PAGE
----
Slough, 8th January, 2015: More than three quarters (83%) of CIOs and IT leaders worldwide plan to make software defined solutions part of their wider ICT strategies, a study carried out by Logicalis has found:
Commenting on the findings, Mark Rogers, President and COO at Logicalis, said: “These findings are entirely in keeping with CIOs’ priorities, as they strive to re-invent IT departments as service brokers and internal service providers.
“Innovations like Software Defined Networks (SDN) and Software Defined Data Centres (SDDC) have the potential to transform networks and data centres into dynamic service platforms - with policy driven programmability making it easier for the new breed of internal service providers to respond to business demand for agile IT whilst reducing the overhead and costs of managing ever more complex operating environments. This fly-by-wire transformation of core IT platforms is positioning software-defined technologies as something CIOs now have on their transformation agenda, and this survey may surprise many to the speed at which many CIOs see SDx becoming an investment priority.”
To read the full report, “Establishing the Internal Service Provider,” click here
Alongside and in support of this intention to invest in software-defined solutions, CIOs are keen to recruit a new breed of business-orientated IT professional - with the skills required to translate business needs into policy frameworks that can support extensive IT automation:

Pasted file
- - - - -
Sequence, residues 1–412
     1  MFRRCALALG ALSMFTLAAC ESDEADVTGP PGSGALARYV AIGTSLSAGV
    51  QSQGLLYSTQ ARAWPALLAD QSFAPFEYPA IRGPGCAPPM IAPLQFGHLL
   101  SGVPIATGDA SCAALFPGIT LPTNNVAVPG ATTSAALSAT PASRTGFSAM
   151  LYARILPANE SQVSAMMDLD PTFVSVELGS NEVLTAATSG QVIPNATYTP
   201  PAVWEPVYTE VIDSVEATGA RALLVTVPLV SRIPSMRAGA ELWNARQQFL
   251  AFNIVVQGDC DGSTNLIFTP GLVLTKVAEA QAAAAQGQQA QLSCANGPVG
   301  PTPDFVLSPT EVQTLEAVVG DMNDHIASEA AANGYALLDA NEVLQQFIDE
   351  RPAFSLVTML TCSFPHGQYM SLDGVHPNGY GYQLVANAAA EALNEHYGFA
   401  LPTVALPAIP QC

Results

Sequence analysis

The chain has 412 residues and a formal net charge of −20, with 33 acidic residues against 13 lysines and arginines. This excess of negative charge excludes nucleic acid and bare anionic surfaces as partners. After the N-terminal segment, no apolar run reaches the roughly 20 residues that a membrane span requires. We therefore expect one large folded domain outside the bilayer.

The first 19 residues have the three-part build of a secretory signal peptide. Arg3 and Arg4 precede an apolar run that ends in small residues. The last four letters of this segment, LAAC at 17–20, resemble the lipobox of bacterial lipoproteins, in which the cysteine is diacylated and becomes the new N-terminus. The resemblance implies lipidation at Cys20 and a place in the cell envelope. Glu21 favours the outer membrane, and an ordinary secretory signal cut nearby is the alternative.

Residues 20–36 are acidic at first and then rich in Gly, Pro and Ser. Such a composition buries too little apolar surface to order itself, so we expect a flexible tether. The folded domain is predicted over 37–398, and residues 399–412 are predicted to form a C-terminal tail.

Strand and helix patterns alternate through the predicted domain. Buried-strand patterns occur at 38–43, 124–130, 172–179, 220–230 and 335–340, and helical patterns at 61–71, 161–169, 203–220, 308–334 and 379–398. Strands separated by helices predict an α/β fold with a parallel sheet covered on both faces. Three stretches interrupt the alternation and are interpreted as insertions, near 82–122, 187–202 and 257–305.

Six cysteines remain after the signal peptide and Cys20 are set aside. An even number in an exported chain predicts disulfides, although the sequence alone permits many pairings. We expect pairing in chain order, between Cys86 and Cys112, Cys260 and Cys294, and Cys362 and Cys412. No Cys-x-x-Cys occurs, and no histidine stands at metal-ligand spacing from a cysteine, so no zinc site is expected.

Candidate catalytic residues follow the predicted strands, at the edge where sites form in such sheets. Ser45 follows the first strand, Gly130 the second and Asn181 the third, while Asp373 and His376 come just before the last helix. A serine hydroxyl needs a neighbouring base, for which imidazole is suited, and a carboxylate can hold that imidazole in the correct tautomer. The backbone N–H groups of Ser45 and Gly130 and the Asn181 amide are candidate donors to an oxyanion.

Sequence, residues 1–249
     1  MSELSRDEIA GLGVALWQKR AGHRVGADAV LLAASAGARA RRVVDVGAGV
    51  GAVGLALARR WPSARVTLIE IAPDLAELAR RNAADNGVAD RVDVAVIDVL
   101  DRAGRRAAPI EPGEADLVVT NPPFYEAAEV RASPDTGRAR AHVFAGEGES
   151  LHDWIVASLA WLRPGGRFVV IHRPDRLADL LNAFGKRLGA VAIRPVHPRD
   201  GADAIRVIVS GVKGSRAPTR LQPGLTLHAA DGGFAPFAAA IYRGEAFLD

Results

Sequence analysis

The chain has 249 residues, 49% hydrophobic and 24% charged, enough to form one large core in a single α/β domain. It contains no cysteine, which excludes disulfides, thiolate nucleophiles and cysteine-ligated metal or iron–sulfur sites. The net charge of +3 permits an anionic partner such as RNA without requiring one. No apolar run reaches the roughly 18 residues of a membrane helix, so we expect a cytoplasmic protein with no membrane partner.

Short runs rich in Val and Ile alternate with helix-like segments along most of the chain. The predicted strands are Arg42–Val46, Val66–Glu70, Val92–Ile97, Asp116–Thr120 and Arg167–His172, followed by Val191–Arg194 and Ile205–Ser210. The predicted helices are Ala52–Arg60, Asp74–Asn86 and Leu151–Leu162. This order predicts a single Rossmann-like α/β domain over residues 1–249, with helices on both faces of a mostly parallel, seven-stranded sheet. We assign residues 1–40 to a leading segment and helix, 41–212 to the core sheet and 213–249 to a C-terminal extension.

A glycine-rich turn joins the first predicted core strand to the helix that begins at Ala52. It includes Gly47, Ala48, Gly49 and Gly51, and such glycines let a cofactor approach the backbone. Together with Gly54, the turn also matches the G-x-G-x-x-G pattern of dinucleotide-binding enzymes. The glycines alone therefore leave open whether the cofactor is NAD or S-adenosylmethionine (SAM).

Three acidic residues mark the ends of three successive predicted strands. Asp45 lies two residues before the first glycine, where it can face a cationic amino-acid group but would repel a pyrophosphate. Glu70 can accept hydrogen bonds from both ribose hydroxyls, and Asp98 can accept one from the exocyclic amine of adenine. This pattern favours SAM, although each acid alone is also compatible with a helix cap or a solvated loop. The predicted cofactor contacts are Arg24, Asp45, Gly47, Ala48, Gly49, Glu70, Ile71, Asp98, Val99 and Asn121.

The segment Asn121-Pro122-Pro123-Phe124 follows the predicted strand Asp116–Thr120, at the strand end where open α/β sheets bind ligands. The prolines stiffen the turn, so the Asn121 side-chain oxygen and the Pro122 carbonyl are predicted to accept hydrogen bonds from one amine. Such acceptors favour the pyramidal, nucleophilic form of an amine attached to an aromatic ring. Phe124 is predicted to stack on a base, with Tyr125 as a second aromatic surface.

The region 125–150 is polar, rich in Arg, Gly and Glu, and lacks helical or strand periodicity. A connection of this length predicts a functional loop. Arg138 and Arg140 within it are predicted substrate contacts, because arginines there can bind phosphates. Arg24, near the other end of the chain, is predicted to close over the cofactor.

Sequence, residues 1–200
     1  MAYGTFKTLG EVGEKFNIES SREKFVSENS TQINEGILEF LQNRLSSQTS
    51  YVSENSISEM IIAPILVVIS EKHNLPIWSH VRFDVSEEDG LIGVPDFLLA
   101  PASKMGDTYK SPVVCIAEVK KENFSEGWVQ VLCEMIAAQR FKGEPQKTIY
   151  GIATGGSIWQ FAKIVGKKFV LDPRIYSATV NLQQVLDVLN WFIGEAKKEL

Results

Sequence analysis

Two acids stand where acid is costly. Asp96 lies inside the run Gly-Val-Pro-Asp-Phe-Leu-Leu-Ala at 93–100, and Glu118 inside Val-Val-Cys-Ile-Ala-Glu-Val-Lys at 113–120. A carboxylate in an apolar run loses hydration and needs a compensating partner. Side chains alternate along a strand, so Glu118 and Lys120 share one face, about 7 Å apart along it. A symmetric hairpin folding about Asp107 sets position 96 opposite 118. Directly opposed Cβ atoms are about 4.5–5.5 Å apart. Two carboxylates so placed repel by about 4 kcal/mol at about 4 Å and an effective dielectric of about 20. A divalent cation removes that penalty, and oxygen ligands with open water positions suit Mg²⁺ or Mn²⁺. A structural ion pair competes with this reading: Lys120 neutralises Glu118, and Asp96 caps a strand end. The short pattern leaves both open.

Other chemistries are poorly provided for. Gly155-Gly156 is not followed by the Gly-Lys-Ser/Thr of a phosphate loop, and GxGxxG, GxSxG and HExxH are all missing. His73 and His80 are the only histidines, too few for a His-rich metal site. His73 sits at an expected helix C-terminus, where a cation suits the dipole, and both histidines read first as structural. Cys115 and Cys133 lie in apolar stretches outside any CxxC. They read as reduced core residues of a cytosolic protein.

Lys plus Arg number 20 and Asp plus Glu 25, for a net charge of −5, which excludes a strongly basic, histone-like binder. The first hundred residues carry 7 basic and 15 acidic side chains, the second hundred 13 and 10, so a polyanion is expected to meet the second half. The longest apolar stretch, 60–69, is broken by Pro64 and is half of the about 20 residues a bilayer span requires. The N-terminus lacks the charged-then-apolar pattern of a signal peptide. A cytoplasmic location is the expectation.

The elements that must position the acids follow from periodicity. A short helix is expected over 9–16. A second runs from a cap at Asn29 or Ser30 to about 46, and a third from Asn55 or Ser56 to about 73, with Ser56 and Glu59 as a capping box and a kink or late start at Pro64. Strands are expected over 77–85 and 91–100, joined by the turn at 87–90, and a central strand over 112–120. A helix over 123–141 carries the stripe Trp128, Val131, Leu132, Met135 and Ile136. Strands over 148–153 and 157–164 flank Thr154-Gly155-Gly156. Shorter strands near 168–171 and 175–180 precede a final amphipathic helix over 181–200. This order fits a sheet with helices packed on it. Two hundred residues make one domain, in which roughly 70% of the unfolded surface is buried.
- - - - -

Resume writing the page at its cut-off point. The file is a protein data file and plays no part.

What’s more, two-thirds (65%) of CIOs are prepared to pay more for the skills required to make the most of SDx solutions – a quarter would pay 5-10% more, and a fifth (22%) would pay 10-20% more.
Rogers commented, “All of the CIOs surveyed in some way recognised the transfer of focus from technology management to business service delivery and that is now being reflected in the skills ‘premium’ many are now expecting and willing to pay for more business aligned employees. The CIO operating as an internal service provider will now be looking to invest in the business skills of existing people, and also have to take some hard decisions to replace outdated technology skills and people with those who can bring the skills needed to operate in a world where every more the business is driving technology choices.”
About the research
All figures are drawn from a survey of 177 CIOs and IT Directors from mid-market organisations across 24 countries spanning Europe, North America, Latin America and Asia-Pacific.